Many businesses see mobile security primarily as an issue to be solved through technology. But while technology certainly plays a large part, security awareness across an organization is vital. Developing and sustaining a culture of security throughout the entire organization is key. To ensure a strong culture of mobile security in your business, follow these five steps.

1. Train Employees Effectively

All employees in your organization, from top executives to those on the lower rungs, need to be aware of their part in maintaining effective security. Security awareness training is essential. All new hires should receive training sessions upon joining the firm, but it shouldn’t be a one-off activity. Rather, training needs to be constantly enforced to ensure that security is top of mind for employees and that the latest threats are covered. Think of creative ways to deliver training so it grabs everyone’s attention and the information is more likely to be retained.

2. Recognize the Importance of Policies

Policies define what standards of behavior are required and the role that everyone has in ensuring security. There needs to be a range of policies in place, covering topics such as acceptable use, incident reporting and how to deal with social engineering antics. It’s extremely important to include these policies in your security awareness and training program so that employees are aware of what they must do. Without communicating these policies to employees right off the bat, they’ll be extremely hard to enforce.

3. Ensure Executive Sponsorship

The best way to ensure that a culture of security is driven throughout your organization and that sufficient budgets are available for security programs is to get buy-in from those at the top. One person should be given overall executive responsibility for driving the program and keeping it on track, and they should report directly to the board. This will give your organization the best chance of ensuring that security objectives are balanced with the other risks your business faces. It will also demonstrate to everyone in the organization the importance that needs to be attached to security.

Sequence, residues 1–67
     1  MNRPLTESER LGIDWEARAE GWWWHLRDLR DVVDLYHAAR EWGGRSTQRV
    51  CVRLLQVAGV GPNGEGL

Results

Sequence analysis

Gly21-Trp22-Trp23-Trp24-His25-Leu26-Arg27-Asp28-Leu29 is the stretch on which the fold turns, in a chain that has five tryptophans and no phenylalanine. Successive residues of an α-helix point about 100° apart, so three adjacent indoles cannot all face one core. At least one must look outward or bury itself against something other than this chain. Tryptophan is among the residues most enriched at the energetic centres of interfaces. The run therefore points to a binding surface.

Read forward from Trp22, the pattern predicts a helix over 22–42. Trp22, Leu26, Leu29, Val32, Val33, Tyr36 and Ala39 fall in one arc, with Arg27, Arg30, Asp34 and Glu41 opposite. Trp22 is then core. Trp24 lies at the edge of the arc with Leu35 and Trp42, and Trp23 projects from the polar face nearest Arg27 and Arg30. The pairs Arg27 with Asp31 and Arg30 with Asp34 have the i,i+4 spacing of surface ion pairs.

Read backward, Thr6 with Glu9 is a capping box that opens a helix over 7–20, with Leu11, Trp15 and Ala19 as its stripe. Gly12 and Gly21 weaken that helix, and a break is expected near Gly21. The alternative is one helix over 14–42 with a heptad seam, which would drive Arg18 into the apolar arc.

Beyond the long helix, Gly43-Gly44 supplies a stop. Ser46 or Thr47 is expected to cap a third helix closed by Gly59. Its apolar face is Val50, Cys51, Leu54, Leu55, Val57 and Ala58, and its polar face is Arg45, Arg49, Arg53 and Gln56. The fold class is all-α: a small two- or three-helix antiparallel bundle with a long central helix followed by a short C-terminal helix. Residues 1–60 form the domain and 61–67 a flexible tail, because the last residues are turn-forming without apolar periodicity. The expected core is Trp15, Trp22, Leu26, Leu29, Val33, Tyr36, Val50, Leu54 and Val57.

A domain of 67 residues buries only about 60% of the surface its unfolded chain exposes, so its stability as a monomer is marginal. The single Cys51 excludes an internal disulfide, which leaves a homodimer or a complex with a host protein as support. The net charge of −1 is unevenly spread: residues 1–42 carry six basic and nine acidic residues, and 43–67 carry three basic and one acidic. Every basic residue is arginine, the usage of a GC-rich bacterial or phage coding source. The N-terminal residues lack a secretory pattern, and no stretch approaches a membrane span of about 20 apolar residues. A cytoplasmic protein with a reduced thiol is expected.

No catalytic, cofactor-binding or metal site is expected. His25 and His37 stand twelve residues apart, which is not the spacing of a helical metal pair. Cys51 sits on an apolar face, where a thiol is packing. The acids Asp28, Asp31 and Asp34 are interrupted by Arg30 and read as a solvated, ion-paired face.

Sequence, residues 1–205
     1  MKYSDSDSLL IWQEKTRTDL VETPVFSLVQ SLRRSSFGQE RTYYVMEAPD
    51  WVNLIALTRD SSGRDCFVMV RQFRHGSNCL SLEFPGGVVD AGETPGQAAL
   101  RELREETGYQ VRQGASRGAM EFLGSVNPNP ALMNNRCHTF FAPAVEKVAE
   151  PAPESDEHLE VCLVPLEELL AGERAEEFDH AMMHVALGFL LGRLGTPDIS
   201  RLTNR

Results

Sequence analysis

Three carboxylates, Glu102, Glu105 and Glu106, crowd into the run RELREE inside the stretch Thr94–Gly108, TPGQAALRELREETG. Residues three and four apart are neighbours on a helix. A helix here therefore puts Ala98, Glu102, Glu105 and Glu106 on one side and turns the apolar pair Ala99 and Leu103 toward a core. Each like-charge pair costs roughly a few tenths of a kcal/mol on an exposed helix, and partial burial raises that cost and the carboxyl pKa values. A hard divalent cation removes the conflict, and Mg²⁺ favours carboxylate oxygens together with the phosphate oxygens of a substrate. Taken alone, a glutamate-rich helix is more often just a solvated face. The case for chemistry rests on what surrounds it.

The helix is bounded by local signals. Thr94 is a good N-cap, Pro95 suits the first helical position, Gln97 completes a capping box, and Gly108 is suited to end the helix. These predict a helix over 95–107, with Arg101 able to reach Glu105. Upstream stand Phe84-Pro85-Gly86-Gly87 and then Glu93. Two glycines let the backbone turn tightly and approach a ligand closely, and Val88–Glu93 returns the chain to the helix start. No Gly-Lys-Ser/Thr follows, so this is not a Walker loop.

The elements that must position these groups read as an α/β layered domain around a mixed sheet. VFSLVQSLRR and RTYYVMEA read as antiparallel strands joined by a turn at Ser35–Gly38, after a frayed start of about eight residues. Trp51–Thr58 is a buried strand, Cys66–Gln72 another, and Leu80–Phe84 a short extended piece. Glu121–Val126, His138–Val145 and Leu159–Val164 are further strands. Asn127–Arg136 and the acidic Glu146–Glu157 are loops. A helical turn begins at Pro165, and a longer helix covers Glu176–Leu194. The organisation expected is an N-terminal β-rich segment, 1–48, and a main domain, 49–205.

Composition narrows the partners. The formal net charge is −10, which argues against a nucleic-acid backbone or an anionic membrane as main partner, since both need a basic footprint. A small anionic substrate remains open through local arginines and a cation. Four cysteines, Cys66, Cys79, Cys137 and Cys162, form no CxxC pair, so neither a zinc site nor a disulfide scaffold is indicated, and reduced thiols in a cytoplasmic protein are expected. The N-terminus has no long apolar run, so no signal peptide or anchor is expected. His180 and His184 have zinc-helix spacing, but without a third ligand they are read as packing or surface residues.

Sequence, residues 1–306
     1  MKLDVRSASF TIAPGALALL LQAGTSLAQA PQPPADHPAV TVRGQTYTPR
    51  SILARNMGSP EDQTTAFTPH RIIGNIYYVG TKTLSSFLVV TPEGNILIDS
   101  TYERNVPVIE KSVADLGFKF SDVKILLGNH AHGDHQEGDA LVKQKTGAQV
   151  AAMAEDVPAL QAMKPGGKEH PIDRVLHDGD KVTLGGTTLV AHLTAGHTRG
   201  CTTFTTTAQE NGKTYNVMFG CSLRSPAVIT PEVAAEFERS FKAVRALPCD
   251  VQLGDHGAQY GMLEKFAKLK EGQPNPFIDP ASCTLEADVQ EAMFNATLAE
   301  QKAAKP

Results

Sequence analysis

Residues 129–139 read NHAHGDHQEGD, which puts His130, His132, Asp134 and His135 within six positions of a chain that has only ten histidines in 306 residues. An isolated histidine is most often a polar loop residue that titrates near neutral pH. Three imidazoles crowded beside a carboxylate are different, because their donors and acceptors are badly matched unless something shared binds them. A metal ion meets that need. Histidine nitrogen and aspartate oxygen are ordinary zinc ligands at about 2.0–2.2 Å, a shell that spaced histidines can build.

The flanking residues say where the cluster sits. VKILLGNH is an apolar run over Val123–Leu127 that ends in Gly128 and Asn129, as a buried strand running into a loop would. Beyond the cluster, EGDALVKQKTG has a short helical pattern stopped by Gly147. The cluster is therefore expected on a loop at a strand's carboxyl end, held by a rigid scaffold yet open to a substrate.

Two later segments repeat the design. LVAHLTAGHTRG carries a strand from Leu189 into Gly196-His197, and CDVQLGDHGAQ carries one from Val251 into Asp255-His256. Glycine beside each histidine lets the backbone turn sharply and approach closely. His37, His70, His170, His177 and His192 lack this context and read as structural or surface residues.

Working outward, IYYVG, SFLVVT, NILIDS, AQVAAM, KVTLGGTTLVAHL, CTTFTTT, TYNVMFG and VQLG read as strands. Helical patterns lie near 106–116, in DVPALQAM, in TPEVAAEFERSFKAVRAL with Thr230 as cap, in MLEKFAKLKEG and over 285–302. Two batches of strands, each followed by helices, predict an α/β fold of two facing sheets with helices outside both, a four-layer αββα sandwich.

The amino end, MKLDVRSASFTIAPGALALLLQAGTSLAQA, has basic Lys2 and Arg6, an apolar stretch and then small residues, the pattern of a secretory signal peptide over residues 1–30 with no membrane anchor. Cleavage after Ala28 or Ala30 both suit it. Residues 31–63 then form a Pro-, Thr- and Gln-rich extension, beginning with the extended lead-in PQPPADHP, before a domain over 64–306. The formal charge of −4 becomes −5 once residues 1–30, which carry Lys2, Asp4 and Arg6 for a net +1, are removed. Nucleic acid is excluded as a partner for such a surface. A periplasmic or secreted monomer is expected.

4. Enforce Basic Controls

All employees should be educated on the importance of security hygiene. A clean desk policy needs to be enforced, and all workstations and devices locked down and signed out of when not in use. Basic practices such as strong passwords along with stronger authentication methods and timely updates to security controls need to be enforced. Research what users need and set baseline behaviors for basic security controls that should be in place and adhered to at all times.

5. Provide Secure Devices

Finally, since users are sometimes the weakest link, the best practice is to help defend them against themselves. Inadvertent errors and loss of devices are common causes of security incidents that can easily lead to sensitive data being lost. When devices are corporate-issued, the organization can ensure that they have high levels of security built in. Samsung Knox is a highly rated mobile security platform that helps keep data safe and users secure. Even in a BYOD environment, an organization can provide a list of acceptable devices or can use controls to check the security posture of devices before they’re allowed to connect to the network. Organizations should raise awareness of the dangers associated with mobile apps and file-sharing services, and ensure that corporate alternatives are provided that meet employees’ needs.

It’s often said that security requires a combination of people, processes and technology. While that’s always been true, attacks are increasingly targeted at individuals. Therefore, it’s vital that security awareness is high among everyone in an organization so that everyone knows what part they have to play in maintaining effective security for their business.

Are unpatched security vulnerabilities worth the risk? A recent report shows just how much known vulnerabilities can cost your business.

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Fran Howarth

Fran Howarth is an industry analyst specializing in security. She has worked within the security technology sector for over 25 years as an analyst, consultant and writer. Fran focuses on the business needs for security technologies, with a focus on emerging technology sectors. Current areas of focus include mobile security, cloud security, information governance and data security, identity and access management, network and endpoint security, security intelligence and analytics, and security governance and regulations. Follow Fran on Twitter: @FranNL

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